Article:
Weight loss begins in the mind. Use these tricks from psychologist Walter Mischel to beat slumps and shackle cravings
Terminate With Extreme Prejudice
Willpower acts like a muscle: it can be strengthened, but it’s going to tire out if you ask it to do too much. Don’t go in all guns blazing; try to change your diet and quit smoking at the same time and you’ll only fail at both.
Keep Your Distance
Describe what’s happening to you in the third person, as if you’re an onlooker: “The soldier is about to capitulate and gobble the doughnut.” Yes, you’ll sound slightly mad to any actual onlookers, but this sucks out the emotional cues that make you reach for that sugary snack.
Disguise The Danger
Don’t see a Danish pastry there on the counter. Think of it as a small pool of fat that’s been extracted from between your organs. See it for what it isn’t and it’s easier to defuse cravings.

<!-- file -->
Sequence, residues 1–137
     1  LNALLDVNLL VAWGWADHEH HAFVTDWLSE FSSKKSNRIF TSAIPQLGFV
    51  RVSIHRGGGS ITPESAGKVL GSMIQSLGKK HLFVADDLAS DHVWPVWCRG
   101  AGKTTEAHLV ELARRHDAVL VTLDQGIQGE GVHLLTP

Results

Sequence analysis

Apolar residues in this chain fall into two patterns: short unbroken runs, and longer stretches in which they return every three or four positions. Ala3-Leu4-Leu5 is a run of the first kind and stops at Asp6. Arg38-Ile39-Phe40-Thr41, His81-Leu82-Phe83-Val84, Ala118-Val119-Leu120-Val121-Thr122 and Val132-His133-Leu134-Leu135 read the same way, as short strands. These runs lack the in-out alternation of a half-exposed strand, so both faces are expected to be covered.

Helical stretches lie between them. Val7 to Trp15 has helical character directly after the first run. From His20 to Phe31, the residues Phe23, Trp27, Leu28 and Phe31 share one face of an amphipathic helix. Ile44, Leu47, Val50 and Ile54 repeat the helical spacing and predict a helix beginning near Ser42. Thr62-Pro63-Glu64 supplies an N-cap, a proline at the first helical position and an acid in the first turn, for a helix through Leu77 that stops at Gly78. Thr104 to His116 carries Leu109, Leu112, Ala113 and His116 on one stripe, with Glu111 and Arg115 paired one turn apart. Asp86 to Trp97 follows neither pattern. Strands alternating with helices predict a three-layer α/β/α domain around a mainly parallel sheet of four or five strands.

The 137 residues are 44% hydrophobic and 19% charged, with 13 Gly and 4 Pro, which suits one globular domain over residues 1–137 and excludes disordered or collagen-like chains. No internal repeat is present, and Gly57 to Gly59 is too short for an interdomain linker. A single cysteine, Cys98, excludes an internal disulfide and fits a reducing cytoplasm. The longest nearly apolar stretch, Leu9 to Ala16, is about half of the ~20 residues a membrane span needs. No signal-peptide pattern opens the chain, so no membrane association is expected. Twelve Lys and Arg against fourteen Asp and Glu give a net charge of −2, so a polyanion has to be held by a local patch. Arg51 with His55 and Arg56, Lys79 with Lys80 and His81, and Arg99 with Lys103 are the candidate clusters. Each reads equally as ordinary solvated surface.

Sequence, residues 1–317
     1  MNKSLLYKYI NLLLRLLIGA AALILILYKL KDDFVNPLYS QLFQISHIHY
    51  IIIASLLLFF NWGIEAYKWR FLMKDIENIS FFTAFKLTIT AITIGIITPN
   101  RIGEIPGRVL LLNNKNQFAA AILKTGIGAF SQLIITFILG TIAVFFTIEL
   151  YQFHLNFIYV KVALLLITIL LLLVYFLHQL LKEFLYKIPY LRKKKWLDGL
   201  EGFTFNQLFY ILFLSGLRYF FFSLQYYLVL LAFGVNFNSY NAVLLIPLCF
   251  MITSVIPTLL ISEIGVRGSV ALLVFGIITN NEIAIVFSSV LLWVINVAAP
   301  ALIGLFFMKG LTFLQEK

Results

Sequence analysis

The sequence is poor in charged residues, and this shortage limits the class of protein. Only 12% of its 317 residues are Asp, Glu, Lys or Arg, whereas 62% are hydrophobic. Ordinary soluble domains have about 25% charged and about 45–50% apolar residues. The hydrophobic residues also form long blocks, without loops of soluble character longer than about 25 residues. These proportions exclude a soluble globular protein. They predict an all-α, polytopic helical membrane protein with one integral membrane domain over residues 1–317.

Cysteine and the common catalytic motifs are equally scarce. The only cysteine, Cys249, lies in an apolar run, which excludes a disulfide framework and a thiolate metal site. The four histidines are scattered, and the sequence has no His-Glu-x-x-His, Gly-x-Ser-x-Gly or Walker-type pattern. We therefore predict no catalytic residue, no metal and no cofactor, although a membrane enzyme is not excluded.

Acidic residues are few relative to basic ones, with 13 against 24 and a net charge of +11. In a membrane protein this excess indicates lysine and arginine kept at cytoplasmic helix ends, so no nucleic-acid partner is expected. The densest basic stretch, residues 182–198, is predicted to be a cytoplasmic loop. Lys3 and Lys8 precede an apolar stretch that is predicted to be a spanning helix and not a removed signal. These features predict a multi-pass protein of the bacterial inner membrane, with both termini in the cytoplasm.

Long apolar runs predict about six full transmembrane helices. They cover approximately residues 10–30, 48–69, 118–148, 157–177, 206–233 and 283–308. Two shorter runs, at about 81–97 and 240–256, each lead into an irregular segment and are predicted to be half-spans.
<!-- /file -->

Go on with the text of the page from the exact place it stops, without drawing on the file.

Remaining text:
See that Danish pastry as a small pool of fat that’s been extracted from between your organs
Plan Your Defence
The “If, then” rule says that when you encounter a temptation, you have a preset choice that you must always commit to. So, “If I see chips on the menu . . . then I’ll order the side salad”. This will stop you from being caught off-guard.
Picture the Threat
Try putting an imaginary frame around your temptation and see it as a picture. Or imagine it in black and white newsreel footage, or in a music video from the Eighties. This metaphorical “distance” makes it less real and cuts your physical connections to the food.
There are two parts of your brain working when you make decisions: a hasty, emotional, greedy part, and a cooler, more analytical part. You can learn to rely more on the cooler part by simply counting to 10 and visualising your end goal: long-term happiness, not a few frenzied moments wrestling a cream cake into submission.